Sep 18, 2014
Qualcomm products mentioned within this post are offered by Qualcomm Technologies, Inc. and/or its subsidiaries.
When you see or hear the word “broadcast,” the first thing that might come to mind is TV. But now, broadcast is coming to mobile thanks to LTE Broadcast technology. And today, Qualcomm Technologies made the new Qualcomm LTE Broadcast SDK available to developers.
The SDK is a free tool—optimized for the LTE Broadcast capable devices featuring Qualcomm® Snapdragon™ processors—that allows developers to integrate LTE Broadcast into their Android apps for broadcasting content beyond video, such as sporting events, news alerts, software updates, advertisements, clip casting, map updates and more. The SDK includes an API that allows apps to tap into Qualcomm’s middleware, which manages the LTE Broadcast content. The SDK also includes libraries, tools, executable and related documentation, which helps accelerate the development process.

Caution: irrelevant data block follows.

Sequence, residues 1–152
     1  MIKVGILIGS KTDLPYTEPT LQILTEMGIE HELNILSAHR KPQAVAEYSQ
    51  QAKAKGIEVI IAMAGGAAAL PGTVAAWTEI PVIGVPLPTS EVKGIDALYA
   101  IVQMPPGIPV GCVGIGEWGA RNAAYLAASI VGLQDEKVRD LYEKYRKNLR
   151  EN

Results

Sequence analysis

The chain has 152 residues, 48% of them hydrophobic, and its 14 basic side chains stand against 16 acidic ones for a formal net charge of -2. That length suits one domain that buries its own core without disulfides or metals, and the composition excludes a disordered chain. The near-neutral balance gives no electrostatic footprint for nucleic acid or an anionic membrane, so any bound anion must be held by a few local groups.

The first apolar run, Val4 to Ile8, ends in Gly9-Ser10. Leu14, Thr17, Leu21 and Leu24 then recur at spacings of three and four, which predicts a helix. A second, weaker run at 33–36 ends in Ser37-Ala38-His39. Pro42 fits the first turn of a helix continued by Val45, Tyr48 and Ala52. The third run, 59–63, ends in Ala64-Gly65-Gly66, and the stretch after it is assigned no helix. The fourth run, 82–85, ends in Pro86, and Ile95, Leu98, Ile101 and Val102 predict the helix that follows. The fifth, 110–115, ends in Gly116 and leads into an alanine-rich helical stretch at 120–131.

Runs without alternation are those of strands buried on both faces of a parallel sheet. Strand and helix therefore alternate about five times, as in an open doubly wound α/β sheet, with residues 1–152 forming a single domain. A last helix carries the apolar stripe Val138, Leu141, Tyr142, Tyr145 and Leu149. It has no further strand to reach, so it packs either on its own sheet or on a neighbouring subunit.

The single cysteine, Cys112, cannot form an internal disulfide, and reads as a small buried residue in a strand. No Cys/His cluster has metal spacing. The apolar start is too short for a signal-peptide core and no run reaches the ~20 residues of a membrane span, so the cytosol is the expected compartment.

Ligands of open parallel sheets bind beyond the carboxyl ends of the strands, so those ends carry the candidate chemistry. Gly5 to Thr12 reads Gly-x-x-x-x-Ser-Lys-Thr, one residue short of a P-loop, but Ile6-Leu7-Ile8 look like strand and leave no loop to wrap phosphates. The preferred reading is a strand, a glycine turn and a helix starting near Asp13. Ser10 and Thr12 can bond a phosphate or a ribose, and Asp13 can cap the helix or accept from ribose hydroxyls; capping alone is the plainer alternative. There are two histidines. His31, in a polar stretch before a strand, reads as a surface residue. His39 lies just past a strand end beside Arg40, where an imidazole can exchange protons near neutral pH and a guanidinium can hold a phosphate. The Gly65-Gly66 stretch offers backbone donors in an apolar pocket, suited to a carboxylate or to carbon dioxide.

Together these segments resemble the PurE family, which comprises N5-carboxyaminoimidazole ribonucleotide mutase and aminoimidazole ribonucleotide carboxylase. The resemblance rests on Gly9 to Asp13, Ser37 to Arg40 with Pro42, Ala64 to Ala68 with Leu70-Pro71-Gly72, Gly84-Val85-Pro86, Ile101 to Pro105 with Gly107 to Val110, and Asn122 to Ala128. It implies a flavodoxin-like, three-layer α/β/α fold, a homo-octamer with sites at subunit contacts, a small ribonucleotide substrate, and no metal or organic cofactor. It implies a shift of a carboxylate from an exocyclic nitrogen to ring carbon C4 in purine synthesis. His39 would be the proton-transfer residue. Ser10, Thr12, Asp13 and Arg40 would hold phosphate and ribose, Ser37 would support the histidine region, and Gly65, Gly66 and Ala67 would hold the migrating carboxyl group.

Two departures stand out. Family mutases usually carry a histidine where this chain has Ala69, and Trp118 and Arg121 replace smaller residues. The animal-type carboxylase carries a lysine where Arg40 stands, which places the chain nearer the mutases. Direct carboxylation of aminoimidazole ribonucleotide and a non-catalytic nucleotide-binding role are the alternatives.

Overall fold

This is the first time Qualcomm Technologies has made the SDK generally available to developers. Previously, it was used successfully by a limited number of Qualcomm customers. For example, earlier this year, Korean wireless carrier KT launched the world’s first LTE Broadcast network using Qualcomm’s eMBMS middleware for streaming video and file delivery. They used the SDK to build an app for the Samsung GALAXY Note 3 so users could subscribe to KT’s LTE Broadcast and watch live HDTV on their smartphones.
In the U.S., Verizon Wireless used LTE Broadcast to stream the Super Bowl to devices on their network. Verizon Wireless enhanced the viewing experience for subscribers by offering “multiple video feeds, data and other information.”
Also in the U.S., Verizon Wireless used LTE Broadcast to stream the Indy 500 with “live camera feeds at various angles from different parts of the race track to deliver video to multiple users at the same time.”
The benefit LTE Broadcast offers operators is that it allows them to broadcast data to thousands of subscribers simultaneously while using a minimal amount of bandwidth, which is perfect for the multicast of high-demand content such as live TV and sporting events, breaking news, emergency notifications, magazine downloads, and software and OS updates.